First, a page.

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MV Agusta F4 750S

Future collectible: MV Agusta F4 750 (1999-on)

(by Guy Allen - Motorcycle Trader mag #303, Nov 2015)

While these days MV Agusta may be regarded as yet another brand at the exotic end of the motorcycle spectrum, it was a very different story in the late 1990s. That’s when we started to get glimpses of the 750 F4, the first bike the company had produced since production and racing shut down in 1980.

This was the marque with 63 world championships to its credit – a trophy cabinet built up in just 35 years - was most closely associated with the legendary Giacomo Agostini, and whose 750 America road bikes were now commanding record prices at auction. There was huge interest in its revival.

The story of this bike began in 1992 when Cagiva, then run by Claudio Castiglioni, bought the MV Agusta trademark. Three years later, the legendary designer Massimo Tamburini (who penned the Ducati 916) was sketching out the basics for a new MV, from his hospital bed. He was in for 20 days to have a stomach tumour removed.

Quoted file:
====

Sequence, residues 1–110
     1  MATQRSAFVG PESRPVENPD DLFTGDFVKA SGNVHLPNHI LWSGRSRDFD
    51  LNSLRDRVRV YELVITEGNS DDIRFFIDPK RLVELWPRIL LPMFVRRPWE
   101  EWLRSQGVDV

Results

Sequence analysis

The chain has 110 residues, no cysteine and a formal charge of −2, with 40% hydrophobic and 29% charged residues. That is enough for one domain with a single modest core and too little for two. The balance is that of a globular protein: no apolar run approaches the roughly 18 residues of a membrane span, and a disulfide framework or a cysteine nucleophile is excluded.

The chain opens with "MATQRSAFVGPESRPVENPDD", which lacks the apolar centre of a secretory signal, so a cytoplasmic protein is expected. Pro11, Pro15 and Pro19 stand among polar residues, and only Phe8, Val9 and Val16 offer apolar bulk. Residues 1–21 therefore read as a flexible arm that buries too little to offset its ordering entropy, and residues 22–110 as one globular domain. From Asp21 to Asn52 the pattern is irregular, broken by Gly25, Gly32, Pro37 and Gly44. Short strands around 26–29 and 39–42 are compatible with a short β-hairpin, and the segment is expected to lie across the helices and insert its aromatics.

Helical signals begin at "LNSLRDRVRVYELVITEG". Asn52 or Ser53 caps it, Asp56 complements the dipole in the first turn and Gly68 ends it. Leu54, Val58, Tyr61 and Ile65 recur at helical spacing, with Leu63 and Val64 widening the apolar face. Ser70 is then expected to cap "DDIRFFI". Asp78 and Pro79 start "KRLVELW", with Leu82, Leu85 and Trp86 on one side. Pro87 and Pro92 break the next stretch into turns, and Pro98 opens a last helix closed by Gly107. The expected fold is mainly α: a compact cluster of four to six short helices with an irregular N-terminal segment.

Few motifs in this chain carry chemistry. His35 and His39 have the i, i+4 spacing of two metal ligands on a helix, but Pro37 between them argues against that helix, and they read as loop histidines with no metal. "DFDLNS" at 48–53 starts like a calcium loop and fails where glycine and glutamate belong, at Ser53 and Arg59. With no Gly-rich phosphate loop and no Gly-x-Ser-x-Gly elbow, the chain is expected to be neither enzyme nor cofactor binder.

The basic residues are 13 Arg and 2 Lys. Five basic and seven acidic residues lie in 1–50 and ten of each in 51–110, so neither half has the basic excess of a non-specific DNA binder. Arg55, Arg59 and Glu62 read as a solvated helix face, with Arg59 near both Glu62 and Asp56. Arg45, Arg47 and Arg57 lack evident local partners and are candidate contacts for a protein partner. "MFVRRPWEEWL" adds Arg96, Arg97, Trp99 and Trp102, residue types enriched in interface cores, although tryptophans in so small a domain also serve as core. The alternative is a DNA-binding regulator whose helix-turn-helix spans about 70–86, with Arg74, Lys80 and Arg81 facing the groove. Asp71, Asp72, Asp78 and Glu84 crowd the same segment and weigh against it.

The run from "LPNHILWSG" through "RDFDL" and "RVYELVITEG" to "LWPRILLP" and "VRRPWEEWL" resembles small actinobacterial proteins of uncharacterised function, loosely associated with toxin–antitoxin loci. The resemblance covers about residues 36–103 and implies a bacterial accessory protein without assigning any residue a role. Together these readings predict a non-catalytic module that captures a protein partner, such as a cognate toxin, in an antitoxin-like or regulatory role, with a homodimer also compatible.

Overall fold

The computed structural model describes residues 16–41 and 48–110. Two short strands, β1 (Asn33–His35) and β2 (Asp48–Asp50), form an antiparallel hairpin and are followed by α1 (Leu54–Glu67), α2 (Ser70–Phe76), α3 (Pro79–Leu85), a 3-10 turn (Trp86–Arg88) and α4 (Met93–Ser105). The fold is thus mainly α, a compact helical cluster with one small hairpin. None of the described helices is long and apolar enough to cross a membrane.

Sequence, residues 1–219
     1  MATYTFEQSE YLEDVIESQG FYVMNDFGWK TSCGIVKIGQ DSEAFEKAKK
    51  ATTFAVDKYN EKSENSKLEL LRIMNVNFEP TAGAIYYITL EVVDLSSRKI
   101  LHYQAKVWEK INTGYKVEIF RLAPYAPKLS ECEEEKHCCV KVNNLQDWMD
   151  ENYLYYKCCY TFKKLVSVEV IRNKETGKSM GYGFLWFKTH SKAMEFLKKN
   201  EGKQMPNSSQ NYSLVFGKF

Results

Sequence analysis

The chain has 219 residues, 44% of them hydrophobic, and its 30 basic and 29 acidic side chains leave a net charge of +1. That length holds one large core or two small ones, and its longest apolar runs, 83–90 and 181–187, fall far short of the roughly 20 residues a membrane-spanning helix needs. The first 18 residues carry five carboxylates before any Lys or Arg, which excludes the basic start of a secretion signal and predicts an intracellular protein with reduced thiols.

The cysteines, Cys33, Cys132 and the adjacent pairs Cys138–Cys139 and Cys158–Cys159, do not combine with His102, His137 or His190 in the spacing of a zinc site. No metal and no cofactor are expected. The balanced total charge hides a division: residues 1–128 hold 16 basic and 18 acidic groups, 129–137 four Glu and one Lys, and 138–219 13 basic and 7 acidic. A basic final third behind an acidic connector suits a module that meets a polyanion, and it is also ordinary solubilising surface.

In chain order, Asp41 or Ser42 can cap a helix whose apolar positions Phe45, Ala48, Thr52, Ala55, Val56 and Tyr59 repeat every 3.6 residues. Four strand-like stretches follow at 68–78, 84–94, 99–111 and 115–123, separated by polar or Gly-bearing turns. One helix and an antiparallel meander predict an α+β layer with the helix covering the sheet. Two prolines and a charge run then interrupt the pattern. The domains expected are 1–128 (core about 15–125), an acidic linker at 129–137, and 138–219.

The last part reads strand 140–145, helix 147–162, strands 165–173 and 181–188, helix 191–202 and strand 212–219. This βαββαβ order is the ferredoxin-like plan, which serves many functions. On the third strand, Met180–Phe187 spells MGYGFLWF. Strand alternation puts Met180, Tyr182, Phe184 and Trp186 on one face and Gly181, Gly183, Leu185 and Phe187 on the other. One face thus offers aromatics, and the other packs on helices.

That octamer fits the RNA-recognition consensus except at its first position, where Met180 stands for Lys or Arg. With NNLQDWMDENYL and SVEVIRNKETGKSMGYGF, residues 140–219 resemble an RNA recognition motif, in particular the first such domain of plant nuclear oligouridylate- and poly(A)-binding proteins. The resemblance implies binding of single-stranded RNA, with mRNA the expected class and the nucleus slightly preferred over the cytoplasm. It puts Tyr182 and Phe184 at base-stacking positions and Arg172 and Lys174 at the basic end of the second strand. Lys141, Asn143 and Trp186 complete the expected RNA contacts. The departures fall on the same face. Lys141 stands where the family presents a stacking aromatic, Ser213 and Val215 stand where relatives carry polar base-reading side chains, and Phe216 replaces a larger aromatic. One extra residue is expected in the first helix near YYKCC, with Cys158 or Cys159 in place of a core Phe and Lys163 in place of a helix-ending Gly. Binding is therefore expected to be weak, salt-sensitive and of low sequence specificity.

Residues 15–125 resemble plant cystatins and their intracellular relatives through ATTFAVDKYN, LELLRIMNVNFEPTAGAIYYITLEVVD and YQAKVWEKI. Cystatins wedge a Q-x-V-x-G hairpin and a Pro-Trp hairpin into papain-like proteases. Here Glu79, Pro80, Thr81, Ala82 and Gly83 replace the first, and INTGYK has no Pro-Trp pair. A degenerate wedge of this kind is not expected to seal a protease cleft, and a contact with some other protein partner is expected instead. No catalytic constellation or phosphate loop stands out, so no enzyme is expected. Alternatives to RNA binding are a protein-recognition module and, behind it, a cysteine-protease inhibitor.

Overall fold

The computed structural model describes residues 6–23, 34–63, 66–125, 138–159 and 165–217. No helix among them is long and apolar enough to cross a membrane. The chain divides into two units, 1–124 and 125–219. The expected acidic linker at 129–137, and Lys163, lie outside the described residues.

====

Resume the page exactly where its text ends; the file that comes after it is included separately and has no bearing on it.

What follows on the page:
In September 1997, the first F4 was shown publicly, a Serie Oro (‘gold’) of which 300 were made. Then, by 1998, we started to see a trickle of the F4S production version. Volume started arriving in 1999.
Tamburini, who ran Cagiva Research Centre, which developed the bike, was typically upbeat about what the company achieved: “I am certain that the F4, for all its technical content, for the technological choices adopted, for the general quality achieved and for its ‘personal’ design can be considered a vehicle par excellence.